Stag and Dagger Festival 2018 – Wire / Protomartyr / Bo Ningen / Warm Digits – The Art School, Glasgow – Sunday 6th May 2018
The lure of Wire and Protomartyr had flagged up this year’s Stag and Dagger as a possibility but the deal was only really sealed when I discovered that both were playing the same stage – which seemed to make it improbable that they’d be playing at the same time (although I’d pay to see that!).
I’d been mildly surprised to discover that there was so little on during the afternoon – but, with little of the rest of the bill meaning much, we opted to effectively treat the festival as a four band bill – which was, to be fair, still a more than reasonable return on the £25 ticket price. That meant sticking with the Art School to see Wire and Protomartyr and see what else the venue was hosting.
First up were a duo, Warm Digits, and by the lack of vocal mics, it looked likely an instrumental duo at that.
That was supported by the first tune which suggested that they were pitched somewhere between Birdhead and Public Service Broadcasting, with a ferocious live drummer bringing the energy.
So it was a surprise when there were vocals on the second song (from none other than Sarah Cracknell unless I’m mistaken) – but only taped vocals, which I’m not sure I’ve ever seen before live.
My sense of disappointment was somewhat assuaged when the drummer explained that their van had been broken into in Manchester so one can only assume that the band’s vocalists were kidnapped at the same time!
The rest of the set balanced the two elements – the instrumentals and the songs (with different vocalists) to good effect with ‘The Rumbel and the Tremor’ probably my favourite. An enjoyable start to the evening and the album was definitely up for grabs – particularly if it would help pay the ransoms …
Next up Bo Ningen. I’d imagined a Scando singer/songwriter called Bo with a quirky line in indie folk pop so it was a bit of a shock to be confronted with a Japanese noise band instead.
There was plenty of energy and there was undoubtedly something there but it was a surprise to hear the band announce that they had just one song left – after barely more than 15 minutes. The finale then pretty much lasted the same time as the rest of the set and was fun with the singer leaving the stage to perform much of the song on the barrier. Oh and there were about 14 false endings to the song which started to lost their appeal after the tenth …
Been meaning to track down an LP and give it a listen but haven’t managed yet. Not sure if that’s significant or not.
With no preconceptions, the opening acts had sounded fine but unfortunately that wasn’t the case with Protomartyr – the main attraction on the bill as I’d not seen them before. From the off the sound was sludgy, Joe’s vocals were buried in the mix and the dynamics of the record were all but lost, in part down to the prominence of the bass drum.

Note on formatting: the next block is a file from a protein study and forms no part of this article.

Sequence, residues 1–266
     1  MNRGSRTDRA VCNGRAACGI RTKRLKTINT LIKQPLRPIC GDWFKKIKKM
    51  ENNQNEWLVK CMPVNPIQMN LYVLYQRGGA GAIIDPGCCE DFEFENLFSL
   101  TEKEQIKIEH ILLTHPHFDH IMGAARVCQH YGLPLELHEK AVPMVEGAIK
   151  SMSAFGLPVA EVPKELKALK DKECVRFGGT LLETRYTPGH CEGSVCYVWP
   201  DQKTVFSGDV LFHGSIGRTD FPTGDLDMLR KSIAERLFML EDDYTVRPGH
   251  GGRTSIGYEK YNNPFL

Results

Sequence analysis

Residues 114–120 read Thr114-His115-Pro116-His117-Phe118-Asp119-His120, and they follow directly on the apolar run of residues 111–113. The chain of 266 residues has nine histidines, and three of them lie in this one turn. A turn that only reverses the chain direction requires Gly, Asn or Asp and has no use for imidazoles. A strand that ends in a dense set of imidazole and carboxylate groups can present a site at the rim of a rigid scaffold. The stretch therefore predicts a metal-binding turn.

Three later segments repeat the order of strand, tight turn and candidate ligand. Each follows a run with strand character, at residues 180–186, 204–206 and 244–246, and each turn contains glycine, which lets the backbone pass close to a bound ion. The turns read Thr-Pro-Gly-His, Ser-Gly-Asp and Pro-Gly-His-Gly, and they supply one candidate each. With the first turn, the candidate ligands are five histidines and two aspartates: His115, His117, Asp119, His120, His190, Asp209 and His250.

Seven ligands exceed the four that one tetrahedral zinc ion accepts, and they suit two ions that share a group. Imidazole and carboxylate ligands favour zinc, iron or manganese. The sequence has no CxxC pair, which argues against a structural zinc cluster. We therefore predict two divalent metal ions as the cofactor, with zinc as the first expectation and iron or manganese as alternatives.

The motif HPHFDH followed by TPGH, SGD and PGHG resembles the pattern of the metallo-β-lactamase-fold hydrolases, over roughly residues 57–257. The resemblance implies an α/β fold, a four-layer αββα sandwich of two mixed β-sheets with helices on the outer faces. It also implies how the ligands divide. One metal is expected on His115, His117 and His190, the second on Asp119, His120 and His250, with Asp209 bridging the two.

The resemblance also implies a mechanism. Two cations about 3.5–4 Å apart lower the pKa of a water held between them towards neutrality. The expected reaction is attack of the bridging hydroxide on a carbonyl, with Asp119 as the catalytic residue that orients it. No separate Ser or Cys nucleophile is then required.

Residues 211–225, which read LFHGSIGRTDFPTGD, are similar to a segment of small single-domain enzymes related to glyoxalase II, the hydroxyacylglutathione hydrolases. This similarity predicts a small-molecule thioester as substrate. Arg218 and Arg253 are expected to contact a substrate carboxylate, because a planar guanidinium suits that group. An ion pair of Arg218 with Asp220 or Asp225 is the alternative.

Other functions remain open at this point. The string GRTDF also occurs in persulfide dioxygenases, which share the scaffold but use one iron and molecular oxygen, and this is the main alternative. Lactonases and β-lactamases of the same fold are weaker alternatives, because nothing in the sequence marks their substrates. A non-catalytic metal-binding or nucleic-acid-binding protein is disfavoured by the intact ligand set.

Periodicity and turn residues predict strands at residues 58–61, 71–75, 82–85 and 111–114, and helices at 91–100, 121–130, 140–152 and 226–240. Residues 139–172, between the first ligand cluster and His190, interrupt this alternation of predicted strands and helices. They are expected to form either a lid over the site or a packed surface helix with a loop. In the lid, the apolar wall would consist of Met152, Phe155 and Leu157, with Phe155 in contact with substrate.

Moving back a few yards did improve the bass drum situation but the vocals remained stubbornly on the cusp, even if things marginally improved as the set progressed.
The set was frustrating as a result – mostly based round ‘Relatives’ there were only a handful of songs I’d not heard before. Highlights were probably ‘A Private Understanding’ mid set, which largely survived the murky mix, and one of the later (but earlier, if you know what I mean) tunes ‘Scum, Rise!’
But overall the show didn’t reach the heights I’d hoped for – next time perhaps.
Sound problems rather plagued Wire’s set too – in a manner reminiscent of last year’s Dundee show.
For the first couple of tunes in fact there’s something unsettling rumbling away as an undertow to the songs and I was pretty sure it wasn’t meant to be there. Again things gradually came into focus but, even if all the elements were there and were identifiable, it didn’t really gel for me until the band had almost reached the end of the set.
Not sure if stepping forward 2 or 3 yards made the difference but there was suddenly a physicality to the sound for the penultimate ‘Short Elevated Period’ and a mighty ‘Over Theirs’ which had been lacking up till that point.
The encore of ‘Used To’ and ‘Stealth of a Stork’ at least were similarly elevated but overall it was really a bit disappointing. Disappointing too that whilst there had a been a decent crowd at the start of the set, a lot of folk drifted away over the course of the next hour.
I guess that there’s always likely to be sound issues with these sorts of events but it’s hard to imagine that Wire at least hadn’t had some sort of soundcheck before the doors were opened. So whilst it was an enjoyable evening, I couldn’t help leaving with the feeling that we’d missed out on something that could have been great.
Wire setlist here (but, disappointingly, it was the same as the autumn Scottish dates minus ‘Silver/Lead’).